- David Einhorn’s Greenlight Capital told clients that Tesla’s stock should be performing much worse than it is.
- Greenlight is short Tesla shares, which means it profits from a decline in the stock price.
- “Tesla had an awful quarter both in its current results and future prospects,” falling 6%, Greenlight wrote in a letter to investors. “We believe it deserved much worse.”
- Greenlight threw water on Tesla’s driverless car plans, saying “autonomous driving may more likely reflect TSLA’s willingness to put inadequately tested and dangerous products on the road rather than a true technological advantage.”
David Einhorn’s Greenlight Capital is sticking to its bet that Tesla’s stock should be performing much worse than they are.
“Tesla (TSLA) had an awful quarter both in its current results and future prospects,” Greenlight, a $7 billion hedge fund, wrote to clients in an October 24 letter reviewed by Business Insider. “In response, its shares fell almost 6%. We believe it deserved much worse.”
The letter, which was signed “Greenlight Capital” rather than by Einhorn himself added: “So much went wrong for TSLA in the quarter that it is hard to only provide a brief summary.”
Greenlight is short Tesla, which means it stands to gain as the stock falls. That bet has confounded Einhorn in the past, with the shares gaining almost 70% this year. The stock rose slightly Tuesday.
Here are the issues Greenlight highlighted in its October letter:
- “Poor demand for its legacy vehicles and manufacturing challenges for the new Model 3. Notably, TSLA dramatically reduced its gross margin assumption for the September quarter and publicly blamed ramp-up costs for the new Model 3 sedan.”
- “More quietly, the company used the lower gross margin hurdle to offer incentives and to lower the cost of options on the Model S and Model X vehicles, and even offered significant markdowns on showroom models. Given the depth of the price cuts, we were surprised that demand for the Model S and Model X only improved modestly.”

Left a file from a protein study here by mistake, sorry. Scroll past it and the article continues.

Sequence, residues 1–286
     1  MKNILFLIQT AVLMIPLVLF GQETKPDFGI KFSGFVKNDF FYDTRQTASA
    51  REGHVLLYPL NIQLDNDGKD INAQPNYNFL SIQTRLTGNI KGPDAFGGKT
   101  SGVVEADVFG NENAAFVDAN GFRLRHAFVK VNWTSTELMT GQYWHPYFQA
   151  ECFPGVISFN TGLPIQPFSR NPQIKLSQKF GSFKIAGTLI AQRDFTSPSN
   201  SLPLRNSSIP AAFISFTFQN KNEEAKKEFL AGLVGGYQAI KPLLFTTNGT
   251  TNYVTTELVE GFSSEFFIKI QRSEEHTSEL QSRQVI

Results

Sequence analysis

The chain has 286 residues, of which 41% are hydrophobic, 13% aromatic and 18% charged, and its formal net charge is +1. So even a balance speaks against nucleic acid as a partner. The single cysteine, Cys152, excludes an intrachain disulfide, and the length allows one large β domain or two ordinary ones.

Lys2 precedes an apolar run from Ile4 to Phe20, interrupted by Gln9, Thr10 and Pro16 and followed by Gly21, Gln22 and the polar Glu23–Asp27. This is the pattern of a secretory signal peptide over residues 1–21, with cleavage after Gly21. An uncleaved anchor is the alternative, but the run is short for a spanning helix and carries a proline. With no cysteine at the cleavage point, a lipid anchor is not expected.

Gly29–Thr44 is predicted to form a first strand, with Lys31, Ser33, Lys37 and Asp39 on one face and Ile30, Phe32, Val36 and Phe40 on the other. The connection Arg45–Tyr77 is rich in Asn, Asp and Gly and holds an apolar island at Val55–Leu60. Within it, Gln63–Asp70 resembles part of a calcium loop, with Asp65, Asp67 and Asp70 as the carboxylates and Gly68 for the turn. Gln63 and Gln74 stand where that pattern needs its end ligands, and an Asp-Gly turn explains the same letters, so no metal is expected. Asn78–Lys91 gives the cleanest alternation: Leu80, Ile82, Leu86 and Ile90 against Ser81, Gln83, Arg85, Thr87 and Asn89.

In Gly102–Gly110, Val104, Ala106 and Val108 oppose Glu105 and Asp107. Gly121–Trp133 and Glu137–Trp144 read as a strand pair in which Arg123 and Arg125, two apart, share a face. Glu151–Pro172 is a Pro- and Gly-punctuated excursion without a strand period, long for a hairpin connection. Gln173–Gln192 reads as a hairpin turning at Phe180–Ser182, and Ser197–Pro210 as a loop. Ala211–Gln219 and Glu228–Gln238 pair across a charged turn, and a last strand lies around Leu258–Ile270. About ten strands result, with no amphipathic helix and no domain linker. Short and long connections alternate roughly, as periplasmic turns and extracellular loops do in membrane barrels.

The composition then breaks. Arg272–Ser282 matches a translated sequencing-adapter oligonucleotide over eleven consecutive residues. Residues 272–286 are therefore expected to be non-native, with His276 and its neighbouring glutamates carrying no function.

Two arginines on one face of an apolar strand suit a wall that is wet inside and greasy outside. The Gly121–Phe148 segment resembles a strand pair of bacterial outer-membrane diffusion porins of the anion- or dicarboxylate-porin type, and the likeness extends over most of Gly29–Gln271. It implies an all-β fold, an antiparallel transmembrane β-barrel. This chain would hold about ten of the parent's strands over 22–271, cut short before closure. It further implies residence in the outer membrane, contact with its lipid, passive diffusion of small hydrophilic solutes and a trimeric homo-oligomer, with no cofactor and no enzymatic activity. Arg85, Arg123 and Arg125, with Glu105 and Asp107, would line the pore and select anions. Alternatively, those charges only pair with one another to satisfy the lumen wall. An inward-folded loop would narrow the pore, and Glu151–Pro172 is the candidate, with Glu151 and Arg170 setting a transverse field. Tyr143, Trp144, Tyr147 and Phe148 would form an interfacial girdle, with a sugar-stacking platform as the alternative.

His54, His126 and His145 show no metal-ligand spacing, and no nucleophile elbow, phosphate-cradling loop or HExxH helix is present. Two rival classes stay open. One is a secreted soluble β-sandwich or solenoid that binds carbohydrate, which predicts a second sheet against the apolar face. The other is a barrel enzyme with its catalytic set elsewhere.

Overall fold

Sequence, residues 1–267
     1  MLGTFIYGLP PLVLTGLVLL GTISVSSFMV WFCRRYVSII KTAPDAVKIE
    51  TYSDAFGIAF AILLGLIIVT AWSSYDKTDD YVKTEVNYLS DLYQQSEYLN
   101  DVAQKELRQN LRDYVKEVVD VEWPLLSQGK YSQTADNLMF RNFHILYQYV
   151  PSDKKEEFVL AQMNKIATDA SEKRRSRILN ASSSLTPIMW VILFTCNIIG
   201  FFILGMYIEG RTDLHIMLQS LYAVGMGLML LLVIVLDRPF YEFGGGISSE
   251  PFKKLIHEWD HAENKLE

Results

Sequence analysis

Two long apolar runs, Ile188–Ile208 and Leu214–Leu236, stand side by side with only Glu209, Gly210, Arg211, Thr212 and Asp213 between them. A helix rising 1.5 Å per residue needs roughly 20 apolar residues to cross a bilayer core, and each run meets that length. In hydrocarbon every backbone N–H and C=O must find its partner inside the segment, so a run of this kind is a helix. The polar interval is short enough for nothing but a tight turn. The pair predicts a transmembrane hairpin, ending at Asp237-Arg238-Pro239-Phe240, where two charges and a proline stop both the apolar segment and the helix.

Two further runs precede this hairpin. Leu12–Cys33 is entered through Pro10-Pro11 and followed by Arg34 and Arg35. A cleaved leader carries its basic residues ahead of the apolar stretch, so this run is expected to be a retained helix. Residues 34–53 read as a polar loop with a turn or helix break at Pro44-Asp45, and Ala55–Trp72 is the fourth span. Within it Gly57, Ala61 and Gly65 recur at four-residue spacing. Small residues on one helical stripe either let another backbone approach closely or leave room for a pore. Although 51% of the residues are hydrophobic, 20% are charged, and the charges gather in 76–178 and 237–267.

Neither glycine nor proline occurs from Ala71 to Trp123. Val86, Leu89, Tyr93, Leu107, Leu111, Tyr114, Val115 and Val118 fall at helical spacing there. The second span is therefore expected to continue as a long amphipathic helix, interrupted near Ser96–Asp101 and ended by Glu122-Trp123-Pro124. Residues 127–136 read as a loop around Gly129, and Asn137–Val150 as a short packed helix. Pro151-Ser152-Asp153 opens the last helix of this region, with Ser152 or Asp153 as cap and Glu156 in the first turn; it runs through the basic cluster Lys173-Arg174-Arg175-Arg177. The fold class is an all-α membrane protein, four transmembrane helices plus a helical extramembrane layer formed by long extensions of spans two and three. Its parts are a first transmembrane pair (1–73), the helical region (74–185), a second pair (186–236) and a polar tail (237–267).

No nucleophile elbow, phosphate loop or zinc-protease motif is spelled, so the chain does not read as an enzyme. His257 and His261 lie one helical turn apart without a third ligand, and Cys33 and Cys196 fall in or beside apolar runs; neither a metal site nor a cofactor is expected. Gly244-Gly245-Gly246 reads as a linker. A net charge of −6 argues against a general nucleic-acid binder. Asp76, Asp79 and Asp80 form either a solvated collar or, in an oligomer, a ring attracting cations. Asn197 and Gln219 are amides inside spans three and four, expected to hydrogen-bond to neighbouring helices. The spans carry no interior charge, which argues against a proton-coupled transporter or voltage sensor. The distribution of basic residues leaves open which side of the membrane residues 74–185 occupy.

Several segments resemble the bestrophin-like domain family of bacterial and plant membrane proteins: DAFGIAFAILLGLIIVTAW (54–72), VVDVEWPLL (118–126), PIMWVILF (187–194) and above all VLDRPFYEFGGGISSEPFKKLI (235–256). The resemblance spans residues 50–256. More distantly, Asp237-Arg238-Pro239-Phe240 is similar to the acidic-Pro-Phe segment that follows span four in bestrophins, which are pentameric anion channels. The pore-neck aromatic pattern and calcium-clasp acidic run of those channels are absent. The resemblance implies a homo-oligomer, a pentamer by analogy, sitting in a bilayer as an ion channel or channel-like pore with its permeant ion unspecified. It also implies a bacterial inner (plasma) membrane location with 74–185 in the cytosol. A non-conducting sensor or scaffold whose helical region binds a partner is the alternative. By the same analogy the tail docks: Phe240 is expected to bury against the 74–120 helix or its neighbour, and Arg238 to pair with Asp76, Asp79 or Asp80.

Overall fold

Greenlight also took issue with Musk’s leadership. “While the CEO makes bold claims about TSLA’s superior prowess, continued production shortfalls, defects and product recalls disprove him,” Greenlight wrote.
Specifically, Greenlight said that Tesla faces competition from established auto companies that “have decades of scale manufacturing experience.”
Greenlight also threw water on Tesla’s driverless car plans, writing: “Some of TSLA’s presumed market lead in areas like autonomous driving may more likely reflect TSLA’s willingness to put inadequately tested and dangerous products on the road rather than a true technological advantage.”
Tesla’s representatives weren’t immediately available to comment on Greenlight’s comments. Musk has said that he takes safety seriously, and told staffers in a memo earlier this year that he wanted factory injuries reported to him directly.
Musk has publicly responded to short-sellers before, using Twitter. “These guys want us to die so bad they can taste it,” he tweeted in June. He’s also said he thinks the company’s stock price is high based on past and current performance, but low if you believe in the company’s future.
Greenlight’s funds gained 6.2% after fees in the third quarter, bringing its year-to-date return to 3.3%, the letter said.
The firm managed $7 billion in hedge fund assets as of mid-year 2017, according to the Absolute Return Billion Dollar Club ranking.
You can read more about Greenlight’s letter here.